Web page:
Huawei is bidding for a significant wireless contract with Sprint Nextel (NYSE:S), according to a report in the Financial Times, a further indication of the Chinese company's desire to crack the U.S. market.
The report, citing unnamed sources familiar with the matter, said Huawei is looking to sell equipment needed for an expansion of Sprint's mobile broadband network. The report did not say what kind of equipment was under discussion. Nor did it say if, or when, a decision regarding the contract would be made. The report said the bid was part of Huawei's larger strategy to gain wider access to the U.S. market in the wake of its failed $2.2 billion acquisition bid for 3Com in 2007.
Sprint spokesman Scott Sloat declined to comment. A Huawei spokeswoman, Jannie Ngyuen, declined to comment. However, an unnamed Huawei spokesman told Reuters: "As part of our ongoing business in the U.S., we always bid for contracts."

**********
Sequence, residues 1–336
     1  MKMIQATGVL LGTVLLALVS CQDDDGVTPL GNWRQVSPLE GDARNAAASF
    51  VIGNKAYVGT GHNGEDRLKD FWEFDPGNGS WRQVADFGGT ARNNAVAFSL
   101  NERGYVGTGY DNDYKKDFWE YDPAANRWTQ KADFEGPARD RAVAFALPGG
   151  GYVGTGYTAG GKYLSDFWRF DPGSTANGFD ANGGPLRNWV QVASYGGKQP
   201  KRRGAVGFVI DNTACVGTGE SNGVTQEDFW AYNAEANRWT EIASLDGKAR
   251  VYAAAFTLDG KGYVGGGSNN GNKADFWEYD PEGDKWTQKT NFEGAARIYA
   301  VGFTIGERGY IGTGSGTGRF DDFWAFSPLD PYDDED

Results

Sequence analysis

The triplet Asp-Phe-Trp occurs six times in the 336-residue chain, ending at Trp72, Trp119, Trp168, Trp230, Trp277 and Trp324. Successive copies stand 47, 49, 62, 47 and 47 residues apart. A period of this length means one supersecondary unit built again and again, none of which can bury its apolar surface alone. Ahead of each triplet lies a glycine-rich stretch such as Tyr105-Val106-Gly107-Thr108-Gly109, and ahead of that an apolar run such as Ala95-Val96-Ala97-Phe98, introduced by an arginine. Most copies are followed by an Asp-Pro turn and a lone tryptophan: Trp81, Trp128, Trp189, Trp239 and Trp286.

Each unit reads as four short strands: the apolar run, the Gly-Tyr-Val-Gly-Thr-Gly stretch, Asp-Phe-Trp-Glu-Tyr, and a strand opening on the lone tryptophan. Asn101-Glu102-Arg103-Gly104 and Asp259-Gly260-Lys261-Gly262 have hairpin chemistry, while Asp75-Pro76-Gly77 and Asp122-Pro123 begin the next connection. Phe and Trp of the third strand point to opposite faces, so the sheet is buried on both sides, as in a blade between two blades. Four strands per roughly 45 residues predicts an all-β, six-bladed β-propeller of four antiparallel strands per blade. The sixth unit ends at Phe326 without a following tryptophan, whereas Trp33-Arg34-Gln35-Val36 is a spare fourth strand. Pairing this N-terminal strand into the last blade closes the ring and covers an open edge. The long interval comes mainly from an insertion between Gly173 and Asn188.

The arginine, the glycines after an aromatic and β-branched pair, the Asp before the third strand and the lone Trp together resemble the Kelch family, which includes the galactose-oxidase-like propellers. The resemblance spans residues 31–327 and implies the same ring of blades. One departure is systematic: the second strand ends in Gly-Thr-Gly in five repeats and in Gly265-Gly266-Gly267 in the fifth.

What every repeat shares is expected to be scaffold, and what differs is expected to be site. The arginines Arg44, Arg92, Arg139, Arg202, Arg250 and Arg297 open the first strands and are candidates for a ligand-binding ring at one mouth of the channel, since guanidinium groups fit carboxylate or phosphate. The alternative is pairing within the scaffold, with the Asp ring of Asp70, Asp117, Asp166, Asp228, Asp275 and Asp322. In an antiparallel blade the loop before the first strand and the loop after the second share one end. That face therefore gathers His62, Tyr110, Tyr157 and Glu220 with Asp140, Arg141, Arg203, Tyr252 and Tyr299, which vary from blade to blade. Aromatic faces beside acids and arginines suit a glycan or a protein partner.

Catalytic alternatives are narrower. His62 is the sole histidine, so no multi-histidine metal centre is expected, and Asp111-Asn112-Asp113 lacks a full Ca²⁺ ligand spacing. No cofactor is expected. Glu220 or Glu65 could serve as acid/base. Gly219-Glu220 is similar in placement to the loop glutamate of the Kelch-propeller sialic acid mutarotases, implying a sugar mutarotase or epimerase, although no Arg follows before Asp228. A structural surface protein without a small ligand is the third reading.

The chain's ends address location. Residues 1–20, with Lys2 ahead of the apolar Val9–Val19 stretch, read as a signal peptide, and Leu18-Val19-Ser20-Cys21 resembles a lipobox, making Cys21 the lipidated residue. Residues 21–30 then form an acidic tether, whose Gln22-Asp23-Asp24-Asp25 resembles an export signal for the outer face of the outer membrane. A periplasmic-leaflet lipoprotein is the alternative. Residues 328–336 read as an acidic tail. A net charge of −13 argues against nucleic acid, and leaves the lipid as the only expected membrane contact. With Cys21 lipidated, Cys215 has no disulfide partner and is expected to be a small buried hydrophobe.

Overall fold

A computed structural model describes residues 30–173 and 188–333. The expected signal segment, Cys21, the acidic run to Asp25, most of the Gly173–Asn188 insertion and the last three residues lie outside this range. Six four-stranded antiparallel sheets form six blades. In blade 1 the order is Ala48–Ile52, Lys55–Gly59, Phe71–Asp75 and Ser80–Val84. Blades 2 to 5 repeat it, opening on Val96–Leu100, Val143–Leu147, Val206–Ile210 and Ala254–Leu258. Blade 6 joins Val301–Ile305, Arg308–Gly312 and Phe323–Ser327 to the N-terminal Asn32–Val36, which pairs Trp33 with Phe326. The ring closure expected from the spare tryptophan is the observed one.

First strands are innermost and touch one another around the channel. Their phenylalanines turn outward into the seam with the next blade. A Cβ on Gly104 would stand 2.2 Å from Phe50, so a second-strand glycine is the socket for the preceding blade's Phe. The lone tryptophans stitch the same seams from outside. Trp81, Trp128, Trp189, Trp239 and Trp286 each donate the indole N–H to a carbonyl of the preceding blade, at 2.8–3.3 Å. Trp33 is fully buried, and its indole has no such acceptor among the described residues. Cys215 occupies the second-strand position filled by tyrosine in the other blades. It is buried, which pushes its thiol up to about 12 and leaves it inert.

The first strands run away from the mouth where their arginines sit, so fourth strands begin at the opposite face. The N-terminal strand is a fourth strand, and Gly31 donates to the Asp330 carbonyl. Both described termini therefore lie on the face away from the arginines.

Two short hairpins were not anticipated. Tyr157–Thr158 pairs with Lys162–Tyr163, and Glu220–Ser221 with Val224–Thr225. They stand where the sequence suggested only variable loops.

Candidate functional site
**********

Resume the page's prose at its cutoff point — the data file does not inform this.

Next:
Huawei plans to increase its presence in North America this year by adding 600 jobs. The company already won a contract with Cox Communications for the company's 3G CDMA network, and is a supplier for Clearwire's (NASDAQ:CLWR) mobile WiMAX network--but so far it has been shut out of Tier 1 U.S. carriers.
An interesting sidenote to the discussion is Sprint's deal with Huawei rival Ericsson (NASDAQ:ERIC). Last year, Ericsson won a seven-year, $5 billion network outsourcing deal from Sprint and took over the day-to-day operations of Sprint's network in September.
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